After much careful repair and fine tuning + some hard labor in cleaning, it now runs perfect and shines desseling.
I'm sure that I'm the only owner of these 4 types of classic Honda bikes in Taiwan, because due to the government's funny and rather strict law, between 1981 and 2002, there had been no bikes over 151 CC ever imported from abroad.
Since 2002, most bikers here have purchased bikes of the latest models and only guys like me, who have been dreaming and wanting to own such nices bikes like the ones mentioned above, have tried very hard to acquire some vintage bikes from the States, Japan or Europe.
Now I'm rather proud of my big old babies (currently I have another 1978 KZ1000) and satisfied with all of them.
All the best to you all over the world. Sincere greetings from Taipei city (the capital of the nation), Taiwan.
I bought a brand new 1983 Honda CB1000 in 1983, which was the first bike I had ever bought new in my life. Since then I have owned 7 or 8 different 1983 Honda CB1000 Customs. I currently have two of them, both having a little over 8000 miles on them! One of them has been totally chromed out, while remaining stock otherwise, and what a beauty, I have never seen a nicer one anywhere. The other one is totally stock and untouched, and immaculate also.
I have never had one problem with any of the ones that I owned, and with a price tag of 3300.00 brand new in 1983, they still compare to the cruiser bikes of today that cost 8000.00. What a joke, they should have kept making the 1983 Honda Cb1000 because it is just as good as todays bikes.
Hi all, I needed money to finish building my new house a couple of years ago and decided to sell my Sportster.
A year later I found myself wanting something to ride again, but was still short on cash. I ran across a like new 1000C with only 12K on it for only about a third of what I got for the Harley.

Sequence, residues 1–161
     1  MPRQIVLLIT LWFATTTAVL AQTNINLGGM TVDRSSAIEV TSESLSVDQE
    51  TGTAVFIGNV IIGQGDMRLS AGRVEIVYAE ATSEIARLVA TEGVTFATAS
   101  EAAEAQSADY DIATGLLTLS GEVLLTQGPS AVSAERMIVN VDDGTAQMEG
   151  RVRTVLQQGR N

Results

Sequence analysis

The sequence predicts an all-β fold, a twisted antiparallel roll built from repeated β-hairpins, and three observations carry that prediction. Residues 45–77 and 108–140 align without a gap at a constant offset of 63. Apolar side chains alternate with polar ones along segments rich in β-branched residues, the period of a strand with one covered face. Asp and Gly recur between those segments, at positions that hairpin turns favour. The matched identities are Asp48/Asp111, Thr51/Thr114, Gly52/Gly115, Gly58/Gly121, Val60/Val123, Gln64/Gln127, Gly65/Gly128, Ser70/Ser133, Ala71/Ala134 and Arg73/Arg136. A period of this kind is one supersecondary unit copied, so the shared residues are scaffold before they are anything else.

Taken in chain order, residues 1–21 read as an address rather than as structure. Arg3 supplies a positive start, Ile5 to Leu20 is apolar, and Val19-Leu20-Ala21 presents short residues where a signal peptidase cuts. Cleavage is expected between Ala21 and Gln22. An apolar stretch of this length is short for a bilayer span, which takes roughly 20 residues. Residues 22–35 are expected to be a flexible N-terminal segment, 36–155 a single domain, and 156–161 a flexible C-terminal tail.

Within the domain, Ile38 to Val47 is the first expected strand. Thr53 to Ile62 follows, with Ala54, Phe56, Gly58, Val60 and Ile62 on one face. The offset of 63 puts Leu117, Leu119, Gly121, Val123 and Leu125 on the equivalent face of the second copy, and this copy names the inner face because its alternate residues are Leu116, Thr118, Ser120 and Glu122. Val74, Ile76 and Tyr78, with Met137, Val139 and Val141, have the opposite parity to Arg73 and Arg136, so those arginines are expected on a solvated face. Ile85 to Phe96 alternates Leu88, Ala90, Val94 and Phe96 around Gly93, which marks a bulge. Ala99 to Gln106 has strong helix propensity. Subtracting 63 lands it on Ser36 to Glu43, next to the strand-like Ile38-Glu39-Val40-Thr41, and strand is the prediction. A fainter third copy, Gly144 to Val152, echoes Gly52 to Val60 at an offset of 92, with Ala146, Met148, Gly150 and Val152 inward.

The funny part is, to me, there is no comparison between the two bikes. With these air shocks, this thing seems like it floats down the road, and like others here have mentioned, it's crotch rocket fast. I would think nothing of hopping on my 1000 and driving it from Chicago to Alaska... something I would have had to be crazy to consider doing on the Sportster.
A couple of things that I've noticed though: this bike can be very economical or it can be a gas hog. If I keep the speed under 65, my mileage can get up into the mid forties. Once I go over 65 the mileage decreases exponentially. At 80, it goes down to about 36 mpg, and at 90 it gets into the low 20's. This is fine with me, as I'll sacrifice 10 mph for 10 mpg most days.
The only other thing is, it's a bit of a pain setting the valves. It requires replacing shims, but they only need to be done around every 5000 miles or so.
One thing I really love is the drive shaft. I used to hate having to oil and tighten my chain all the time on the Harley.
So, if you're the kind of guy who just wants a really great looking, fast, reliable bike... and if impressing the Harley snobs out in the parking lot of the saloon isn't all that important to you... then take the money you would spend on taxes for a new Harley, and find a nice Custom. (The 900's are great bikes also, and there's a lot more of them)